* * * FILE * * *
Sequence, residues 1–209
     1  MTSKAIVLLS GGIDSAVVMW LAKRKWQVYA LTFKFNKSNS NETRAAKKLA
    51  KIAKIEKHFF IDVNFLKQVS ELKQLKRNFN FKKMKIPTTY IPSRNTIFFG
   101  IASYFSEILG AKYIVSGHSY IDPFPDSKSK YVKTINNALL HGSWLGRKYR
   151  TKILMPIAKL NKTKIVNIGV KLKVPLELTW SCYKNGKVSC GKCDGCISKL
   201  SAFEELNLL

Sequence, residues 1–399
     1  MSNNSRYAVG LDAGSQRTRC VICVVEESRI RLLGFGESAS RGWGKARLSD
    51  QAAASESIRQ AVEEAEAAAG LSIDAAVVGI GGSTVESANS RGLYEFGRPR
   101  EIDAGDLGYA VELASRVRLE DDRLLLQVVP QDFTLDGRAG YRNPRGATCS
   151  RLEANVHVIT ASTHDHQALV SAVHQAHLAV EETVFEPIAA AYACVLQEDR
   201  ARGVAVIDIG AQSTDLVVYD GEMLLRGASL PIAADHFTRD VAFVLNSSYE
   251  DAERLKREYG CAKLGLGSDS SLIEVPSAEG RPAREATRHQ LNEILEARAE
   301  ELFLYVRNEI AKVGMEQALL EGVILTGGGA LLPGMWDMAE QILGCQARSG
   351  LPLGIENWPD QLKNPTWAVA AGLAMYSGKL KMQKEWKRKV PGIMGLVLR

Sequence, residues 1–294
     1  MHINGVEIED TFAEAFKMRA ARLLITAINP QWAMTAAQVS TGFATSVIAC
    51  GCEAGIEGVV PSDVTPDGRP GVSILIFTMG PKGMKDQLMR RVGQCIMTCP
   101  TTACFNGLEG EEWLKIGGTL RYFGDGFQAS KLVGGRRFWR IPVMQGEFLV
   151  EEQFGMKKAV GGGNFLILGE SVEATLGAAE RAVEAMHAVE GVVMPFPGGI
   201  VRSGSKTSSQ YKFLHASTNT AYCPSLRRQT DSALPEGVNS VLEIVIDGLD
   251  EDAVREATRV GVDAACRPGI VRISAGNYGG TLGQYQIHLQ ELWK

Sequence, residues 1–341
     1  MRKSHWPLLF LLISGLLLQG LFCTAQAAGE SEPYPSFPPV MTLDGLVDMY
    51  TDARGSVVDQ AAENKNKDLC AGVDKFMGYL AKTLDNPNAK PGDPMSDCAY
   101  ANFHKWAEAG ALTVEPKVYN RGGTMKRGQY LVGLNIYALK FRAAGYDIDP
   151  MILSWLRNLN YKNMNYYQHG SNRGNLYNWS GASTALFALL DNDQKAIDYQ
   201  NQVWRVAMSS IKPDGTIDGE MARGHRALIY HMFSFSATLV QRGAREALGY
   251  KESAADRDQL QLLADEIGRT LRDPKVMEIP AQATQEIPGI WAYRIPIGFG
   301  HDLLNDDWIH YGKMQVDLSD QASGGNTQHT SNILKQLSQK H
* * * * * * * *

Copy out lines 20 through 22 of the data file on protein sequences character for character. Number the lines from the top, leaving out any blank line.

   151  EEQFGMKKAV GGGNFLILGE SVEATLGAAE RAVEAMHAVE GVVMPFPGGI
   201  VRSGSKTSSQ YKFLHASTNT AYCPSLRRQT DSALPEGVNS VLEIVIDGLD
   251  EDAVREATRV GVDAACRPGI VRISAGNYGG TLGQYQIHLQ ELWK